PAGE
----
What is Grass Tetany?
Grass tetany is a fatal metabolic disorder which is caused by low levels of Magnesium (Mg) in the blood.
The disorder is most common in lactating cows, however, can occur in sheep, goats, and horses.
The worst months for Grass Tetany are from June until August due to climatic conditions at this time. Lush rapid growing pastures in these seasons pose greater risk for grass tetany as there is a lack of roughage base for cows usually in mid lactation.
Magnesium is needed for correct functioning of the nervous system. Having low levels of Magnesium results in the muscles not being able to function and ultimately if not treated can cause death.
What are the signs?
Animals suffering from grass tetany are often found dead. A common sign to observe from the dead animal is froth from the mouth and nose, and the ground being scuffed from where the cow’s legs thrashed back and forwards (paddling) before death. Deaths usually occur in winter when the weather is overcast, cold, wet and windy.
Early signs include:
- Excitability with muscle twitching (Specifically the face and ears)
- Exaggerated awareness
- Stiff gate
- Aggressive temperament
To be certain of a diagnosis, a veterinarian may use blood samples to determine magnesium and calcium levels in conjunction with urine samples to test of magnesium.
A cow’s magnesium level depends mainly on the balance between the amount absorbed from the rumen and that depleted through milk production and passed out in the dung.
Grass tetany is more likely to occur under these conditions:
- Cows greater than 5 years old in the first 3 to 4 months of lactation
- Grass dominant pastures from late autumn to early spring
- Pastures high in potassium or nitrogen (may occur naturally or through application of fertilizer)
- Pasture of less than 1,000kg DM/ha
- Pasture with potassium levels greater than 35g/kg dry matter (High potassium intake reduces magnesium absorption)
- Pastures providing sodium intake less than 2g/kg dry matter
- Pastures providing low roughage intake
- Sudden changes in feeding pattern or any factor that disrupts grazing (e.g. to mark calves, diet change to lush green feed)
- very fat cows with a fat score of 3.5 or more
- very thin cows with a fat score of 2 or less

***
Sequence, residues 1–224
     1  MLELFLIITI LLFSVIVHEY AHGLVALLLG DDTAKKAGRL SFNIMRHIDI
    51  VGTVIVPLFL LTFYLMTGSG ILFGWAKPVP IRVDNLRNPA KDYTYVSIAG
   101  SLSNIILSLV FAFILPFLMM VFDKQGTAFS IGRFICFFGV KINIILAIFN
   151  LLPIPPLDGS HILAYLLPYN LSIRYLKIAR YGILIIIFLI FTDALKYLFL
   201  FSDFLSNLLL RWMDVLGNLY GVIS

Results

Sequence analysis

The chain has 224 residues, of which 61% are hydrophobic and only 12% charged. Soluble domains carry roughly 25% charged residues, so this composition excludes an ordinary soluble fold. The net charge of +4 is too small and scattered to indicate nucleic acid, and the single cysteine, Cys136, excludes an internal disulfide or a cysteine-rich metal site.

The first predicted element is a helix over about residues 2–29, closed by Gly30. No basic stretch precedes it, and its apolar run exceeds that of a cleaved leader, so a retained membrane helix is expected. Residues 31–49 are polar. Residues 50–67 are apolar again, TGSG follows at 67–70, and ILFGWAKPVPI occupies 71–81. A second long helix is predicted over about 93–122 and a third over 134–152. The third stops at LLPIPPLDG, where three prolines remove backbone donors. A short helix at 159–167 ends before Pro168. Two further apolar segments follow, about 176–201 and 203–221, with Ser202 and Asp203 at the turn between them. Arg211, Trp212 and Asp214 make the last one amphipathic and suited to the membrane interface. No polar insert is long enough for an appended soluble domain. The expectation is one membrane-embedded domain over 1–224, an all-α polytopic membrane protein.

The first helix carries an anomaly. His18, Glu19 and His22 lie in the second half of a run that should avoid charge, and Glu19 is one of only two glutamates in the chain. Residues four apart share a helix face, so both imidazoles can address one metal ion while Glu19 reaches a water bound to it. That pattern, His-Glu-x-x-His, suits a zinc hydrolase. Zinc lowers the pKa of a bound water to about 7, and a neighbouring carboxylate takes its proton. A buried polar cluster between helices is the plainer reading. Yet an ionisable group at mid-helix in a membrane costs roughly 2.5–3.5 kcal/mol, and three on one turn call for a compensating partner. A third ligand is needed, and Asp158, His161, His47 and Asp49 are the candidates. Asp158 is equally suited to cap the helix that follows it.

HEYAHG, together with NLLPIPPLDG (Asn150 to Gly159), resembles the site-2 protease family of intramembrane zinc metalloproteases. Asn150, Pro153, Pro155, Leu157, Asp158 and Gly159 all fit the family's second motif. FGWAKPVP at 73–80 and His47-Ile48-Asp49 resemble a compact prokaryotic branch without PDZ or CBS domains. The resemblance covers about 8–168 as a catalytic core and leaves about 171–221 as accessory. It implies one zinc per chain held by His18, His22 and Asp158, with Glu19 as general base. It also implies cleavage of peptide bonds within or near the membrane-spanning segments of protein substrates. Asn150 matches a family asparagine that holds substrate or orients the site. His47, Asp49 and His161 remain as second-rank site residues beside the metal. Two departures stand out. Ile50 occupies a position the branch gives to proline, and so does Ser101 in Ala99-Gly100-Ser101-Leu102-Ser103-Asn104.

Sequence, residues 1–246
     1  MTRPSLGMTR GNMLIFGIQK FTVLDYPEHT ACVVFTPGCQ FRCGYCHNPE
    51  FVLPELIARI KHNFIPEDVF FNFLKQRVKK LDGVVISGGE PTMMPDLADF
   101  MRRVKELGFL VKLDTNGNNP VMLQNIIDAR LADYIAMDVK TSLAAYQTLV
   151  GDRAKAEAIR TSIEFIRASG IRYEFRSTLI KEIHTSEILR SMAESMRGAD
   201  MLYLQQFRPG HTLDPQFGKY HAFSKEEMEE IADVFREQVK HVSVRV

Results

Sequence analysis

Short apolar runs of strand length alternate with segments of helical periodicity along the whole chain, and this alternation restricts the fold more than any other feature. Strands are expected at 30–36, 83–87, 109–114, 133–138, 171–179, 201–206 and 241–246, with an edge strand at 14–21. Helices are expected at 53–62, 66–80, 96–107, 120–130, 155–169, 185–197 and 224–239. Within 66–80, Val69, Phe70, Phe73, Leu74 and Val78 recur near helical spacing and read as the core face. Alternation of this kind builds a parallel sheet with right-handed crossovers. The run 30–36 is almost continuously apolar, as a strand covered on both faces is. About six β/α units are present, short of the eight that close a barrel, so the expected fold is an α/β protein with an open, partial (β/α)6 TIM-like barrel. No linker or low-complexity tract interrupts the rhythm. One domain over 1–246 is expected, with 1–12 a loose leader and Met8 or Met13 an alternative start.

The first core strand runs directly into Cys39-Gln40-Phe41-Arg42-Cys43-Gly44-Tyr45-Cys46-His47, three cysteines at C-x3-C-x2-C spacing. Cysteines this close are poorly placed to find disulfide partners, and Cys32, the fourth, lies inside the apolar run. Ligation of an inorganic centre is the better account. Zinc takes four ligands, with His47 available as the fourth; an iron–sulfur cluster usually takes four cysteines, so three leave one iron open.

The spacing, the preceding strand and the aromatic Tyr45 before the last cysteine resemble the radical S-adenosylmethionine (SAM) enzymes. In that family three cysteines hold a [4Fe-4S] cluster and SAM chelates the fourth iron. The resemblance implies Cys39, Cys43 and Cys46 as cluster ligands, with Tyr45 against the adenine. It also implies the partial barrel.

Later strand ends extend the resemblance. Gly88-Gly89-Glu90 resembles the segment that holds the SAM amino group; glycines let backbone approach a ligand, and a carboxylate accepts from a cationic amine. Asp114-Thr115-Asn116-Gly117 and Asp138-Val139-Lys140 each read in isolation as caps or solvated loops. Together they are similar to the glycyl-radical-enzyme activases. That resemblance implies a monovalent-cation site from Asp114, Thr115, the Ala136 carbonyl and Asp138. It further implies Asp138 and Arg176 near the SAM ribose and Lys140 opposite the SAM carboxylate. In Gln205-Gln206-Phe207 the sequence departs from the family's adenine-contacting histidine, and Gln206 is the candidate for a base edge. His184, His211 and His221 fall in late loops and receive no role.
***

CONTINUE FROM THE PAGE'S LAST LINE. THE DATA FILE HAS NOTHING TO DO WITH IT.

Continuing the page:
When one or more cases of diagnosed grass tetany have occurred in the herd immediate treatment and prevention should take place.
A cow that has gone down will require an immediate injection of a 4 in 1 mineral solution pouch. After the cow has recovered from the initial episode, she should be given an oral treatment of Causmag® or Epsom salts to prevent a relapse.
The following sources of magnesium should be provided to prevent relapse:
- magnesium oxide powder for dusting onto feed or pasture
- magnesium lick blocks (Placed in high traffic areas)
- slow-release capsules (usually last up to 80 days)
- magnesium sulphate or soluble magnesium chloride added to hay or silage
- adding magnesium to concentrates or pellets.
These products are available from your veterinarian, feed supplier or rural supplies company.
Prevention is the best method to avoid losses from grass tetany. Having a plan set in place before deaths occur is vital in reducing economic losses.
- Assess the percentage of cows over 5 years of age in your herd that will be 3-4 months into lactation and ensure they have access to good quality roughage and hay
- Cows younger than 5 years can also get grass tetany however other factors such as high potassium or low sodium, calcium or phosphorus are the likely cause
- Ensure that cows in the late dry period and early lactation have adequate magnesium in their diets and consider preventative supplementation
- Moving lactating cows to high legume and high dry matter pastures
- Provide salt if a natural source is not available
- Monitor the condition score of cattle, taking note if the cattle lose weight through winter (high risk months)
- Reduce stress and any period off feed in your herd, such as having ‘at risk’ mobs during the grass tetany season in a sheltered paddock and avoiding unnecessary yarding and handling
- Evaluate paddocks on pasture/crop type and conducting soil testing
- Avoid overuse of potash in your fertiliser programs as potassium and nitrogen applications increase risk of tetany disorder
- Correct soil acidity with lime or dolomite
- Treatment of hay rolls with magnesium sulphate
Agriculture Victoria’s website on Grass Tetany
Department of Primary Industries and Regional Development
For further information, please contact the VFF Livestock Group on 1300 882 833 or by email [email protected]
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